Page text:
This category documents standards, protocols and models that can be used in the design of IoT applications and enablers. (Communication protocols, architecture models, ontologies…).

iCore - Virtual Object Registry API

This entry describes the Virtual Object (VO) Level implemented components in the context of the iCore project. There are several implementations which are categorized by their name. See more

IoT-A Architectural Reference Model

IoT-A, the European Lighthouse Integrated Project has addressed for three years the Internet-of-Things Architecture, and created the proposed architectural reference model together with the definition of an initial set of key building blocks. Together they are envisioned as foundations for fostering the emerging Internet of Things. Using an experimental paradigm, IoT-A combined top-down reasoning about architectural principles and design guidelines with simulation and prototyping in exploring the technical consequences of architectural design choices. This architectural model is now being maintained by the IoT Forum. See more

MQTT (Message Queuing Telemetry Transport)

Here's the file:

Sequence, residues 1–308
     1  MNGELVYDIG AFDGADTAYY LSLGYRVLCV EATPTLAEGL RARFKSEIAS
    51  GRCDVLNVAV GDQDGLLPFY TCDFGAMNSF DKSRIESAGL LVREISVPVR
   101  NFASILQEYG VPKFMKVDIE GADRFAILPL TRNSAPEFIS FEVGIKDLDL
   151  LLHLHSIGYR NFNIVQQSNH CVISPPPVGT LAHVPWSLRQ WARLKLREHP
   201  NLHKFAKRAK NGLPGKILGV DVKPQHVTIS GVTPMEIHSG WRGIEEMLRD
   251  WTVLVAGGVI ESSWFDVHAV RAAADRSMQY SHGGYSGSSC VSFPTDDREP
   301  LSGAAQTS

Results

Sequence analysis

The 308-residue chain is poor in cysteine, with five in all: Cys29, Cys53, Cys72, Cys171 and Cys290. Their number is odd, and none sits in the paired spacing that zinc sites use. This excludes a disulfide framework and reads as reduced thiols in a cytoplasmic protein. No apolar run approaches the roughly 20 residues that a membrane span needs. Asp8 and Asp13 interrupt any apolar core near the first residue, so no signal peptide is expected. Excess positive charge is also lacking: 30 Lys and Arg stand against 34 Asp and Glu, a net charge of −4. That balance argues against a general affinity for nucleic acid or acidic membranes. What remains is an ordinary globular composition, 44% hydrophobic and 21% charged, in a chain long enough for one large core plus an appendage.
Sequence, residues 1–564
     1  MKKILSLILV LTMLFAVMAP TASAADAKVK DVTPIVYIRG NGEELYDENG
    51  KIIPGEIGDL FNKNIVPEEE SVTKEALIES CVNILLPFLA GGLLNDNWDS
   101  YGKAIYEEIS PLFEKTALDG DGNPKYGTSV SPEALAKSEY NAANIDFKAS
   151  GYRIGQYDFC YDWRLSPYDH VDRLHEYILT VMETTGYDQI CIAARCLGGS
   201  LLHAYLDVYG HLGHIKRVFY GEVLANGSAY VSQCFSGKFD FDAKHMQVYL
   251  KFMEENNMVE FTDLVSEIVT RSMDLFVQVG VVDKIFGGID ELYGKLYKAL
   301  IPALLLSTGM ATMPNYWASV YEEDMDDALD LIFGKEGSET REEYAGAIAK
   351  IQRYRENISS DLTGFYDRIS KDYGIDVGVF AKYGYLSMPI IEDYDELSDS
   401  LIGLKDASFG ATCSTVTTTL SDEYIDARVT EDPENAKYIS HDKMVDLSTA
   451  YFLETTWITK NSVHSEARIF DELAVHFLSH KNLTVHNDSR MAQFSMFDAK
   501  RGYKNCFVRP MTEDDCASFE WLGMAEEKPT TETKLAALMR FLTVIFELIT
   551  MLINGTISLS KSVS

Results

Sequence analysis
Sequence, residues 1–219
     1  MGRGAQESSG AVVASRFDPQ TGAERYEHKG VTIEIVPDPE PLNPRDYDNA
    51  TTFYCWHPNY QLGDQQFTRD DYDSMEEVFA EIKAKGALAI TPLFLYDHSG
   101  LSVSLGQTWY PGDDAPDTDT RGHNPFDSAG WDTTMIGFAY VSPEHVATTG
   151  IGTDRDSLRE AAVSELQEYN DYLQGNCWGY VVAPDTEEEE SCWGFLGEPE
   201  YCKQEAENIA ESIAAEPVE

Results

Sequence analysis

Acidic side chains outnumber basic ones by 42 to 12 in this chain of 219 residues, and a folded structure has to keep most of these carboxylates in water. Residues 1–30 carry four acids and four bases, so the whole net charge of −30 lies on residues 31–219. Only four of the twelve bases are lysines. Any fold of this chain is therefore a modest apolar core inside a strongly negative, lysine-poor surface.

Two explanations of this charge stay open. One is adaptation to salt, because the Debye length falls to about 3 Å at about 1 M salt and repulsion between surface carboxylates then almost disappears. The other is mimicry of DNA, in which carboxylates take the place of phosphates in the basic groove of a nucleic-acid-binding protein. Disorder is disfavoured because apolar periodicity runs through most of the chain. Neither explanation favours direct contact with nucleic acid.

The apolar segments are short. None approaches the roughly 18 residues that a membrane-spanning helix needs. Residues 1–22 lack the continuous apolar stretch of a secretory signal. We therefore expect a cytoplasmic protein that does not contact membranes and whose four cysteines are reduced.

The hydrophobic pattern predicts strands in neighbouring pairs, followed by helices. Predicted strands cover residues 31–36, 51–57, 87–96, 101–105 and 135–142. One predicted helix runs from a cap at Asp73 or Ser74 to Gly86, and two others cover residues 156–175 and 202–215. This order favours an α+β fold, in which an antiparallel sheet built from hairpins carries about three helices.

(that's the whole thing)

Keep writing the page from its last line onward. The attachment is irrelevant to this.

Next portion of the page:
MQTT is a lightweigth protocol for M2M communications. Original version had been proposed by IBM and Eurotech. Protocol standardisation is now being handled by the OASIS standard development organisation. Extracted from the OASIS website: The standard supports bi-directional messaging to uniformly handle both signals and commands, deterministic message delivery, basic QoS levels, always/sometimes-connected scenarios, loose coupling, and scalability to support large numbers of devices.  As an M2M/Internet of Things (IoT) connectivity protocol, MQTT is designed to support messaging transport from remote locations/devices involving small code footprints (e.g., 8-bit, 256KB ram controllers), low power, low bandwidth, high-cost connections, high latency, variable availability, and negotiated delivery guarantees. For example, MQTT is being used in sensors communicating to a broker via satellite links, SCADA, over occasional dial-up connections with healthcare providers (medical devices), and in a range of home automation and small device scenarios. MQTT is also ideal for mobile applications because of its small size, minimized data packets, and efficient distribution of information to one or many receivers (subscribers).   See more

BUTLER Integrated System Architecture

This page describes the Integrated System Architecture of the BUTLER European project (FP7) presented in deliverable 3.2.

The purpose of this document is to present the consolidated architecture of the BUTLER system as the result of the project work on its second year. It also provides a high-level description of the initial pervasive BUTLER proof-of-concept. This deliverable extends and updates the information provided in Deliverable D3.1 – Architectures of BUTLER Platforms and Initial Proofs of Concept, providing a much more elaborated architecture proposal.

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